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Dec.28.2021
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Mechanical Ventilation: Humidification (Respiratory Therapy)

ALERT

Do not use a heat moisture exchanger (HME) for a patient who has thick, copious, or bloody secretions, expired tidal volumes of less than 70% of the delivered tidal volume, a body temperature less than 32°C (89.6°F), or high spontaneous minute volumes greater than 10 L/min.undefined#ref2">2 Do not use an HME for an infant.

OVERVIEW

The respiratory tract heats and humidifies gas entering the lungs, so it is warmed to body temperature and fully saturated with water vapor. The upper airway provides 75% of the heat and moisture supplied to the alveoli.1 When the upper airway is bypassed by an artificial airway during invasive mechanical ventilation, humidification must be added to the dry inhaled gas.2 Humidity is necessary to prevent hypothermia, disruption of the airway epithelium, bronchospasm, and atelectasis, and it keeps airway secretions thinned. In severe cases, thick airway secretions may occlude the artificial airway or obstruct the lower airways. Two types of humidification systems are available for use with mechanical ventilation: (1) active heated humidifier (HH), and (2) passive HME.

During normal respiration, the humidity in the trachea ranges from 36 to 40 mg H2O/L,2 and the optimal required moisture below the carina is 44 mg H2O/L (100% relative humidity at 37°C [98.6°F]).2

Active HHs increase the heat and water vapor content of inspired gas. The humidifier should provide a humidity level between 33 and 44 mg H2O/L2 and a gas temperature between 34°C and 41°C (93.2°F and 105.8°F)1 at the circuit Y-piece, with a relative humidity of 100% to prevent the drying out of secretions in the artificial airway.2 A maximum delivered gas temperature of 37°C (98.6°F) and 100% relative humidity (44 mg H2O/L) at the circuit Y-piece is recommended.2 A relative humidity of 100% may be confirmed by the presence of condensate in the circuit Y-piece connector.2

HMEs operate passively by storing heat and moisture from the patient’s exhaled gas and releasing it to the inhaled gas. There are three types of HMEs: hydrophobic, hygroscopic, and filtered. The HME should provide a minimum humidity level of 30 mg H2O/L.2 An HME is better than HH for short-term use (96 hours or less)2 and for use during transport.1 An HH should be used for patients who exhibit contraindications to HME use or who are on mechanical ventilation for an extended time.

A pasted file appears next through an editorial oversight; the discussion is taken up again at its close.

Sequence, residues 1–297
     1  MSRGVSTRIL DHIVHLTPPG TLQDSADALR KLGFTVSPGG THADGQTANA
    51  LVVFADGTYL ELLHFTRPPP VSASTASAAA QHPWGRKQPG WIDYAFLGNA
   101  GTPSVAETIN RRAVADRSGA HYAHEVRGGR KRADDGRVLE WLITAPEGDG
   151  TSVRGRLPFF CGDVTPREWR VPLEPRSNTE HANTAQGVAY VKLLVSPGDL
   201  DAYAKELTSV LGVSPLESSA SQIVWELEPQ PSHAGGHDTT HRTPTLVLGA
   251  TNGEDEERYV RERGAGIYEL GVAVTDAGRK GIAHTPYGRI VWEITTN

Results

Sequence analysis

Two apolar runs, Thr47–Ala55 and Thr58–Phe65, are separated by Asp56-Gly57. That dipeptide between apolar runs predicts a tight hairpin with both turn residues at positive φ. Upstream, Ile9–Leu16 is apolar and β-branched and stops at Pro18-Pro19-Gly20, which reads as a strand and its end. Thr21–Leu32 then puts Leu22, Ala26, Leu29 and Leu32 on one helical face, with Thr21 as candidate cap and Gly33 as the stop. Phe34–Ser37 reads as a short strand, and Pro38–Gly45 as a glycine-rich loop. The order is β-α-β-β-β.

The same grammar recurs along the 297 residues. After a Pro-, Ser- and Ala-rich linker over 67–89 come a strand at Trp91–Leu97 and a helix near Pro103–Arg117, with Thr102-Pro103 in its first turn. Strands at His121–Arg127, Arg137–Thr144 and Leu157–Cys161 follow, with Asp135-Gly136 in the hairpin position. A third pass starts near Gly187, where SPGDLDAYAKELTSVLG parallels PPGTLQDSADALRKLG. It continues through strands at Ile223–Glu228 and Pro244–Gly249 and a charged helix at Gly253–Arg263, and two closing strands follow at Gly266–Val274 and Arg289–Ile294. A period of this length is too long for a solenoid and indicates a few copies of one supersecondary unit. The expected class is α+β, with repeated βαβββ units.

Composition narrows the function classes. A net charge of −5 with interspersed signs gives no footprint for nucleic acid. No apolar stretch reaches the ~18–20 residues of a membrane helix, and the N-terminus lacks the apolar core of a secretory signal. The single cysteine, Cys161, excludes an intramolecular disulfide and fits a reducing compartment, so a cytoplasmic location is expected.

HMEs should not be used on patients with low tidal volumes or increased dead space, ventilation requirement, or arterial partial pressure of carbon dioxide (PaCO2) levels. HMEs are contraindicated if the patient has:

  • Frank bloody or thick, copious secretions
  • Exhaled tidal volume of less than 70% of the delivered tidal volume
  • Body temperature below 32°C (89.6°F)2
  • High spontaneous minute volumes (greater than 10 L/min)2

EDUCATION

  • Provide developmentally and culturally appropriate education based on the desire for knowledge, readiness to learn, and overall neurologic and psychosocial state.
  • Encourage questions and answer them as they arise.

ASSESSMENT AND PREPARATION

Assessment

  1. Perform hand hygiene before patient contact. Don appropriate personal protective equipment (PPE) based on the patient’s need for isolation precautions or the risk of exposure to bodily fluids.
  2. Introduce yourself to the patient.
  3. Verify the correct patient using two identifiers.
  4. Assess the length of time the patient has been or will be on the mechanical ventilator to determine the type of humidification system needed.
  5. Assess for contraindications for the use of an HME.

Preparation

  1. Ensure that appropriate humidification equipment, such as the humidifier base with alarms, humidification chamber, and sterile or distilled water, or HME, is available.
  2. Ensure that the HH is performing according to specifications.
  3. Ensure that suction is set up at the bedside and functioning properly.

PROCEDURE

Passive Humidification

  1. Perform hand hygiene and don gloves. Don additional PPE based on the patient’s need for isolation precautions or the risk of exposure to bodily fluids.
  2. Verify the correct patient using two identifiers.
  3. Explain the procedure and ensure that the patient agrees to treatment.
  4. Place the HME inline between the Y-piece and patient.
  5. Observe for condensation in the Y-piece connector.
  6. Observe for increasingly tenacious or copious secretions.